13 Reasons Why Season 3: Does it deserve a tape of its own?

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13 Reasons Why Season 3: Does it deserve a tape of its own?

The good, the bad, and the ugly of the third season of “13 Reasons Why”

“13 Reasons Why” is a Netflix original series that focuses on socially sensitive topics such as sexual assault, drug abuse, weapon abuse, mental health awareness, and, most prominently in this season, murder.

Despite the emotionally loaded aspects to the show, some viewers felt that Netflix’s decision to create a show of this caliber was a good decision.

The story began in season one with 13 tapes, each one putting together the pieces of the infamous Hannah Baker’s (Katherine Langford) suicide mission. However, the tapes progressed into something bigger than that. As viewers dove into each new episode, it became clear that Bryce Walker (Justin Prentice) caused a lot of pain for people.

It was revealed during seasons one and two of the show that Walker raped not only Hannah Baker, but eight more girls. These heinous acts, along with bullying fellow classmates and abusing his power as an “entitled white kid,” set him up to be the main antagonist, and the predominant focus in the third season.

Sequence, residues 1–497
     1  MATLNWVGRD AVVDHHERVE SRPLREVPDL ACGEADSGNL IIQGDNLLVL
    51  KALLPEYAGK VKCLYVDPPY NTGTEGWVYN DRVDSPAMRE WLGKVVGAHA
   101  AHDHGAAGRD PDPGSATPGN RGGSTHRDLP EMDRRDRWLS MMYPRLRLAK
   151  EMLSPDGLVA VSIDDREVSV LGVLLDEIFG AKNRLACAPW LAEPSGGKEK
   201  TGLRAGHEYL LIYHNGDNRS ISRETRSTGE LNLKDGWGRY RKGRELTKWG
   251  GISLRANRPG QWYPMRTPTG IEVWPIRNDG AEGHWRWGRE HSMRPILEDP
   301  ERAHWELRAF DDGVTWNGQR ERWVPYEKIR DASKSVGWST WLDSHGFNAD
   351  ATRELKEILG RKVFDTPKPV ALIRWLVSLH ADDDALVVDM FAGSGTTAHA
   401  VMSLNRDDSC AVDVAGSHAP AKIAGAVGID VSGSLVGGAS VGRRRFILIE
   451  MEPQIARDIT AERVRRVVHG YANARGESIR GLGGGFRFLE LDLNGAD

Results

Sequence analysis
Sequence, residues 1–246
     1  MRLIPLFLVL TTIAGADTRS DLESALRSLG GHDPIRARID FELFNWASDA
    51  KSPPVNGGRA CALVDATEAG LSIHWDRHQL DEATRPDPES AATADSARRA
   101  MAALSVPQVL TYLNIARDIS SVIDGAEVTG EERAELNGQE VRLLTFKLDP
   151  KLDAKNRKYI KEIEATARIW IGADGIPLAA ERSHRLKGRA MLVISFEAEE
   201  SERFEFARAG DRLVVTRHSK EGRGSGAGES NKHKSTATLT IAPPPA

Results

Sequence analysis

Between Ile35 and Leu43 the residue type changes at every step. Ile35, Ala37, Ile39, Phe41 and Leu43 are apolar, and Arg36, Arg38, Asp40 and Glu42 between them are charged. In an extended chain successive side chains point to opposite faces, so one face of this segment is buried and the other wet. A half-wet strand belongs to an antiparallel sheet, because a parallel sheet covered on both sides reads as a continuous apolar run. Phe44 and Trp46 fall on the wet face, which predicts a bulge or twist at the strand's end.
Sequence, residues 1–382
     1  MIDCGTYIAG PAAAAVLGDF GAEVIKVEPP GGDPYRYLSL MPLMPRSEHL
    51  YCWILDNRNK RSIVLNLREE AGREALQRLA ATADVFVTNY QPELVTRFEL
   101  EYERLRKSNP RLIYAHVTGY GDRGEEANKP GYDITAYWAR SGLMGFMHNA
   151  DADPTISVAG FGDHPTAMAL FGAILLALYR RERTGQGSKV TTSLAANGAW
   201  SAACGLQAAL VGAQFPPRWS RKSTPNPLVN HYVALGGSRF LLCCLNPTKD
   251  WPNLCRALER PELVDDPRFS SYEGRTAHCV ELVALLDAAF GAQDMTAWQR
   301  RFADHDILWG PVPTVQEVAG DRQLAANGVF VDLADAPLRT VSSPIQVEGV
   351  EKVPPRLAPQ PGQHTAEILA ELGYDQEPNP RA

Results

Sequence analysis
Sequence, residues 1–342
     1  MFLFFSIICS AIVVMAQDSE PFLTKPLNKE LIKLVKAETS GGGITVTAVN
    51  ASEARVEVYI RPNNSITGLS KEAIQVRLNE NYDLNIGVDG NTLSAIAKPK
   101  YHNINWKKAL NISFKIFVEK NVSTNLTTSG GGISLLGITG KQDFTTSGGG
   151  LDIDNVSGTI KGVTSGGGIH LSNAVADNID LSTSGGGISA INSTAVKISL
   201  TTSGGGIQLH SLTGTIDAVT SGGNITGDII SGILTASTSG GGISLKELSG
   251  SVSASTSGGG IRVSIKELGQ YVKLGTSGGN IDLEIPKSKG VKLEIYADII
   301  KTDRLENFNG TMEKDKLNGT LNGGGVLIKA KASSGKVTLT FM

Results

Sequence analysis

This season of “13 Reasons Why” begs the question: Who killed Bryce Walker?

The show seemed to continue the legacy of controversy it created for itself since season one was released. In 2017, the National Association of School Psychologists cautioned people interested in watching the show. “We do not recommend that vulnerable youth, especially those who have any idea of suicidal ideation, watch this series,” said Christina Conolly, a contributor to this article.

Since then, the show’s creator, Brian Yorkey, has dialed down the graphics, and included more trigger warnings.

Now, the rating of the show is TV-MA, and viewers can access a “Content Warning” section before playing the show that advocates against suicide and substance abuse, as well as a direct link to 13ReasonsWhy.info.

“Some of the scenes [in previous seasons] were so explicit that I had skipped over them, [They] were a little too much to handle,” said sophomore Morgan Duley.

Regardless of the graphic nature of the show, it seems that the third season left viewers wanting more. With stellar performances by Devin Druid (Tyler Down), Alisha Boe (Jessica Davis), Timothy Granaderos (Montgomery de la Cruz), Dylan Minnette (Clay Jensen), and Prentice, the layers of secrets and deceptions slowly unraveled this season.

It’s truly hard to tell if season three of the show should have ever been created at all. Mixed messages have been shared all over social media. Some said “this was a new story, and an oddly compelling one,” (WhatCulture.com), while others said it “is a ridiculous, maddening, overlong example of Peak TV-era television that doesn’t know how to quit when it’s ahead” (Vulture).

While the show may have had decent character development and addressed very important topics, it seems its plot holes and lack of consistency overpowered the former.

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